Smultronställe is a Swedish word that refers to a rather hidden, hard to get to place that holds sentimental value to us.

The term is composed of two words: smultron, which means wild strawberry, and ställe, which means place or spot. Thus, smultronställe literally means a place where wild strawberries grow. The village in the picture above is Ejulve, located in Aragón, Spain, and it’s a smultronställe of sorts, but because there are a lot of blackberry bushes in the fields surrounding the town I thought calling it my blackberry spot would be way more charming.

As a kid, I used to spend a few weeks there during the summer with my grandparents. Even though I don’t come from a big city, Ejulve was the only place where I was allowed to play on the streets with other kids without parental supervision. I particularly remember playing with skateboards by going downhill on the steep streets, or simply walking around while having some merienda, such as a bocadillo with fresh, mild goat cheese or jamón serrano, both produced in Ejulve, or a delicious peach from Calanda. We also had the bad habit of sitting in front of someone’s front door to eat pipas, aka sunflower seeds, and then leaving the ground covered in all the shells we had spat out.

Summer is the only season when most houses are occupied, mostly by children and their grandparents, who emigrated in their youth to Catalonia, Valencia, or the capital of Aragón, Zaragoza. I rarely visited Ejulve during winter: it can get really cold and I didn’t like sleeping under a dozen blankets. My grandma’s house is really old and it’s not built to be energy-efficient, the only heating methods are a wood-burning stove and a gas heater. During the last decade or so my parents have been renovating it: now it’s still as energy-efficient as it was before, but at least the house looks super cute and hyggelig.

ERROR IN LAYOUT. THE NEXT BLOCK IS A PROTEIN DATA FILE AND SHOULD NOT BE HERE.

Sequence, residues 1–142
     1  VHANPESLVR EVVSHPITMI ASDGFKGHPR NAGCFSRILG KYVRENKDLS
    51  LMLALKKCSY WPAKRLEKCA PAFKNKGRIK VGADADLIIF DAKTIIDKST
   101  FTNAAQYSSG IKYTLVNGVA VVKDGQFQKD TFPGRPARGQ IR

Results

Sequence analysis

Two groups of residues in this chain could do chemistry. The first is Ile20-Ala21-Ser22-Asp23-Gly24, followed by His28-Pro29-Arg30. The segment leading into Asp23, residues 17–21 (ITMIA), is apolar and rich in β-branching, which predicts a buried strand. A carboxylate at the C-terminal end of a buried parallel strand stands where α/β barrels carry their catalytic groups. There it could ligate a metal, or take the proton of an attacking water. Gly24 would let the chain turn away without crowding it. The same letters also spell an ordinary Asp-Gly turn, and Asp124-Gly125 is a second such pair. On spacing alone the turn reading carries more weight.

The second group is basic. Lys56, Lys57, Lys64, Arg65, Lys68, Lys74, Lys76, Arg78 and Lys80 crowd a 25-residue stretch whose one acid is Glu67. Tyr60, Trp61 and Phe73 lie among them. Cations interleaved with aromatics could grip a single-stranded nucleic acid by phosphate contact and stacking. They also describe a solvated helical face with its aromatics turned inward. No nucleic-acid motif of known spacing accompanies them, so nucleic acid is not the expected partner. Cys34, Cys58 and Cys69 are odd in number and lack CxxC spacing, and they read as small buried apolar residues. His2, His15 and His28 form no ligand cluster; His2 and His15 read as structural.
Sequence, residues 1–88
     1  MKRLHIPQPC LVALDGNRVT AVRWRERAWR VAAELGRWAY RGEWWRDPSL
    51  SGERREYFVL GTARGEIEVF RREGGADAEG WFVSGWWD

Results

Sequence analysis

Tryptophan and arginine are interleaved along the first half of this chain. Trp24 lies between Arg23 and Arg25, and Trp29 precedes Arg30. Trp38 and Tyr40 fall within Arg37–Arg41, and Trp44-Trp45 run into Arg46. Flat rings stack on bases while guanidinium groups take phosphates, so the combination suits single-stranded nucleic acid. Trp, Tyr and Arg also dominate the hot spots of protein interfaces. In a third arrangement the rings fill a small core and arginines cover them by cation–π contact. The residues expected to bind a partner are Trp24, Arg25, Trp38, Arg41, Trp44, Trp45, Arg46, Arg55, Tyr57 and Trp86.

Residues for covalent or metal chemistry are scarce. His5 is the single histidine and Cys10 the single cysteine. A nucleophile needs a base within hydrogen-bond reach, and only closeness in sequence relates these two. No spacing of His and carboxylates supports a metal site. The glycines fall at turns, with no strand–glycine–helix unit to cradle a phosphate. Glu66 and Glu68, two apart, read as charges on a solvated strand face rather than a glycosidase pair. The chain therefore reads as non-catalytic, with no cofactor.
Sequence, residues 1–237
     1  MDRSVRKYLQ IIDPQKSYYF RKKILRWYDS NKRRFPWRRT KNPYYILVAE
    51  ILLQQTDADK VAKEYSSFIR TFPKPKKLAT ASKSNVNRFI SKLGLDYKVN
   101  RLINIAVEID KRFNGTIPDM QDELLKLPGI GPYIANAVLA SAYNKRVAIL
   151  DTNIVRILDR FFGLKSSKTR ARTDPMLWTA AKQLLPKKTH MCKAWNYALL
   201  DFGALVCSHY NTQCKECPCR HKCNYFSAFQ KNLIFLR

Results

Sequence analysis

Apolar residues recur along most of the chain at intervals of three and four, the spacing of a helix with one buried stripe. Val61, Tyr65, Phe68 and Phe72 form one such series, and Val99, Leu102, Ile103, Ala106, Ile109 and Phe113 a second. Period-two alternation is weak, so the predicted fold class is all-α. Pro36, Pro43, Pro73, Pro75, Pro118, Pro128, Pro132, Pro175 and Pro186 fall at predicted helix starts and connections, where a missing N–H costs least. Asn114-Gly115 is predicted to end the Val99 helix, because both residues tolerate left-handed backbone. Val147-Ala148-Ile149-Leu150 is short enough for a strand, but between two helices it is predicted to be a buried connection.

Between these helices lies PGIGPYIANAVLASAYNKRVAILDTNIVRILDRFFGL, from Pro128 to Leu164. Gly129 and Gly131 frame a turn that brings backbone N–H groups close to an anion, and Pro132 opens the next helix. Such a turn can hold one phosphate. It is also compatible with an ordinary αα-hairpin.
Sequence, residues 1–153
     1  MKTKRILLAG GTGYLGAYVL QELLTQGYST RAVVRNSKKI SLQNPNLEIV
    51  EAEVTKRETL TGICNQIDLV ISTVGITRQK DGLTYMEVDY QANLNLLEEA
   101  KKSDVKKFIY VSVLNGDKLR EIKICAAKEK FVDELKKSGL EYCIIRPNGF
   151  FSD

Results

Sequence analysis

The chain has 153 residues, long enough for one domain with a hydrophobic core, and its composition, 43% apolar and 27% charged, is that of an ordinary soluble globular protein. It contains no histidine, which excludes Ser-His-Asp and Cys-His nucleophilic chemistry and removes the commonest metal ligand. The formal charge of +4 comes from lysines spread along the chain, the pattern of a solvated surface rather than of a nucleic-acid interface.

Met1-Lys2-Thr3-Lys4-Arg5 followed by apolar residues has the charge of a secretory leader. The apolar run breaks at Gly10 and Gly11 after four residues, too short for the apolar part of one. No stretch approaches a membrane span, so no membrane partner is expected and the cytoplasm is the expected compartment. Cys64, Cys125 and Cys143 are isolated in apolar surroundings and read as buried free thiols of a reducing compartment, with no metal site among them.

Ever since I moved to Finland in 2011 I’ve visited my hometown only during the winter holidays, and my boyfriend and I have been visiting Spain together every winter since Christmas 2014. Spending a few days in Ejulve has become one of our favourite traditions, which means we’ve had to rely on wood and pine cones to stay warm. Thank God the military service is mandatory in Finland and Lauri knows how to chop wood. To be honest, I prefer to stay there during winter instead of summer. It’s actually quite funny when people express their astonishment at the fact that we like Ejulve during winter as well, unaware of my unpopular preference for cold weather. And quite frankly, I prefer to stay there when the town is almost empty. As I mentioned above, summer is the only season when most houses are occupied. But during winter only around 200 people live there, which is an excellent recipe for -relative- calmness. In fact, Ejulve is the only place in the world where I’ve been able to listen to the sound of silence.

Cold weather also calls for soup. As I already mentioned in the blog post where I talk about my love for autumn, I’m a sucker for all kinds of soups. One of our all-time favourites is my mum’s cuttlefish and potato stew, shown in the picture below. You can find this recipe in my new website Paleo Spoon, where I compile all the recipes I mention in this blog.

Another recipe that works wonders to stay warm and alive is onion soup. Not only is it a nourishing and comforting meal, but due to the considerable amount of onions, it will make you really gassy, which will ensure the bed stays throughout the coldest of nights.